U.S. Attorney General: Let Ex-Convicts Vote

U.S. Attorney General: Let Ex-Convicts Vote

Washington (AFP) – U.S. Attorney General Eric Holder Tuesday argued convicts who have served their jail terms should have their civic rights re-instated, so they can vote and fully re-insert themselves in society.

“Across this country today, an estimated 5.8 million Americans -– 5.8 million of our fellow citizens –- are prohibited from voting because of current or previous felony convictions,” Holder said at a speech to Georgetown Law School.

“These restrictions are not only unnecessary and unjust, they are also counterproductive,” he said.

“By perpetuating the stigma and isolation imposed on formerly incarcerated individuals, these laws increase the likelihood they will commit future crimes.

“They undermine the reentry process and defy the principles — of accountability and rehabilitation — that guide our criminal justice policies,” he added.

Holder said it was time “to fundamentally rethink laws that permanently disenfranchise people who are no longer under federal or state supervision.”

Holder, who last year announced a major reform to the way the U.S. determines prison sentences, said these laws disenfranchising people who have committed felonies are “profoundly outdated.”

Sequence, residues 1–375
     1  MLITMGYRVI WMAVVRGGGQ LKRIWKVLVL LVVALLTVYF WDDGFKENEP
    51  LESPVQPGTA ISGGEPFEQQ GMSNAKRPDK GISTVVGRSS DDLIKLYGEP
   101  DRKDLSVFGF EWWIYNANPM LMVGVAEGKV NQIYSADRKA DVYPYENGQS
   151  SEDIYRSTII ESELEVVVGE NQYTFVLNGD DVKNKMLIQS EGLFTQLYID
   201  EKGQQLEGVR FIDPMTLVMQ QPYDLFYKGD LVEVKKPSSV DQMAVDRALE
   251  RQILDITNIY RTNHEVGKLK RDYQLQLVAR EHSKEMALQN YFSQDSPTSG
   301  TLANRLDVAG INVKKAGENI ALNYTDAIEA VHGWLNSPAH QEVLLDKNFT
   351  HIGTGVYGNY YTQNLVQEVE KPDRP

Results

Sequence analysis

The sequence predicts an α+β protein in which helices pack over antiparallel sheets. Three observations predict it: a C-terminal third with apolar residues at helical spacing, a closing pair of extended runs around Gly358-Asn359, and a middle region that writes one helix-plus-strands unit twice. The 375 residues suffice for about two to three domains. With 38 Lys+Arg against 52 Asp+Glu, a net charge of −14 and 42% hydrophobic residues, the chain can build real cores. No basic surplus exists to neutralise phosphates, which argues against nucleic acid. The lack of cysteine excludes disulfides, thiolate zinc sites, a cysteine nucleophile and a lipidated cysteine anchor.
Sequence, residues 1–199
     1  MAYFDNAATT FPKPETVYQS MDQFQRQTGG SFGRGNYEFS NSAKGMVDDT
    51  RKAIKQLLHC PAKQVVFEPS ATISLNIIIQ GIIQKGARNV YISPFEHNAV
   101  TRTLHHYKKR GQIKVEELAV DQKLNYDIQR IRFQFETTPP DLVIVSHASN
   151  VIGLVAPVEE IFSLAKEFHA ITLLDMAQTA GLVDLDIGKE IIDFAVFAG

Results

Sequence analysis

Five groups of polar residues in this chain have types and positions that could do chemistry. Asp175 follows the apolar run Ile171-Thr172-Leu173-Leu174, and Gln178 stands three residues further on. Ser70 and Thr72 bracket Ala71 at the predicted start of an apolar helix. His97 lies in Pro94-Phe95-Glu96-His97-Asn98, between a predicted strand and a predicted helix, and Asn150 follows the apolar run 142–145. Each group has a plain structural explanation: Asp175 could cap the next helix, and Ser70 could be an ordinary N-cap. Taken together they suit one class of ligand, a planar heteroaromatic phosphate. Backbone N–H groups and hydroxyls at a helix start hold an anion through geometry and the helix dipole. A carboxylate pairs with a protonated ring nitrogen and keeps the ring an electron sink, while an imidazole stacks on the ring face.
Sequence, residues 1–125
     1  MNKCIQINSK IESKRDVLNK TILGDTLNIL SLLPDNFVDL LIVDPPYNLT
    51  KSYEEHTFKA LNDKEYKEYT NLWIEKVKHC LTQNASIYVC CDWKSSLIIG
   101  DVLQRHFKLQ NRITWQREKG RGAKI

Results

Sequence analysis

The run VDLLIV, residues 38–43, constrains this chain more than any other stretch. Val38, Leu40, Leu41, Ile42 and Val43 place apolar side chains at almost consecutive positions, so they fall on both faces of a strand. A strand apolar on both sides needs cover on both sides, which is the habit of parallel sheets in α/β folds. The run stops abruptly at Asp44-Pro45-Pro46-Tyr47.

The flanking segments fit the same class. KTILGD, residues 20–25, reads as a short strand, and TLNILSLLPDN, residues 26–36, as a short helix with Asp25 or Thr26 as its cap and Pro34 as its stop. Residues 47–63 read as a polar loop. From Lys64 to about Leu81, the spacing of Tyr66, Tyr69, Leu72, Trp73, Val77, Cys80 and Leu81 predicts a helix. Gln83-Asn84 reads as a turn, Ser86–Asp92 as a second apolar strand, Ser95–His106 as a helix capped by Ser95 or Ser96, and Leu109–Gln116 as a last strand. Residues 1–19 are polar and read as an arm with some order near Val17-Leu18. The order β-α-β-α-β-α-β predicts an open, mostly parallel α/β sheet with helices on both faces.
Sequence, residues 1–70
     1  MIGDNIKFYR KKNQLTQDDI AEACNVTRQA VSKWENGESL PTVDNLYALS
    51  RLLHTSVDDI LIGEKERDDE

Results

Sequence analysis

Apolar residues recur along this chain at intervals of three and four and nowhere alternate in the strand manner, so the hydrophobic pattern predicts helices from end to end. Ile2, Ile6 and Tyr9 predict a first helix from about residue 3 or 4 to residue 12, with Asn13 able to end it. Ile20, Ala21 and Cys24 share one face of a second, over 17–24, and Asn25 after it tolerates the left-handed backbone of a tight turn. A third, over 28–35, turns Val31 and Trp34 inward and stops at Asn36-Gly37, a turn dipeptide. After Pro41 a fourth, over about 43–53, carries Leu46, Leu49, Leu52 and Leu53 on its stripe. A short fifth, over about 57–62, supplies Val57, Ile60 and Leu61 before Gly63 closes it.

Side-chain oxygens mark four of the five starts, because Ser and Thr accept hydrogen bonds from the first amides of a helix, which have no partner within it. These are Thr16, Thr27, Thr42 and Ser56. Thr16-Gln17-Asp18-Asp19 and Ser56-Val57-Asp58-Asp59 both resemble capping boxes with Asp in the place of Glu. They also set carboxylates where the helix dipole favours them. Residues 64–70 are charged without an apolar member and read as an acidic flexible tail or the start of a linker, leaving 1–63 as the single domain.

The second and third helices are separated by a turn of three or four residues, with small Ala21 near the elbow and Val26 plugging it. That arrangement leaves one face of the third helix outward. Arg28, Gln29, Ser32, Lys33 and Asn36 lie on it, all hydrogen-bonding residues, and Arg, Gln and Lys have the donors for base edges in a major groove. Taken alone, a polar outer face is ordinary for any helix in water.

He argued the laws were created at “a time of post-Civil War discrimination,” and were “too often based on exclusion, animus, and fear.”

“The impact of felony disenfranchisement on modern communities of color remains both disproportionate and unacceptable,” Holder, the first African-American attorney general, lamented, emphasizing that as a result, nearly one out of 13 African-American men are banned from voting.

And “in three states — Florida, Kentucky, and Virginia — that ratio climbs to one in five.”

Last August, Holder announced plans to reduce the use of mandatory sentences for drug offenses, in a reform he said would remain strict but be “smarter.”

These mandatory minimums “reduce the discretion available to prosecutors, judges and juries,” he said, and “have had a destabilizing effect on particular communities, largely poor and of color.”

U.S. President Barack Obama in December commuted the sentences of eight people convicted of drug trafficking, to compensate the effects of laws punishing crack possession more harshly than cocaine possession.

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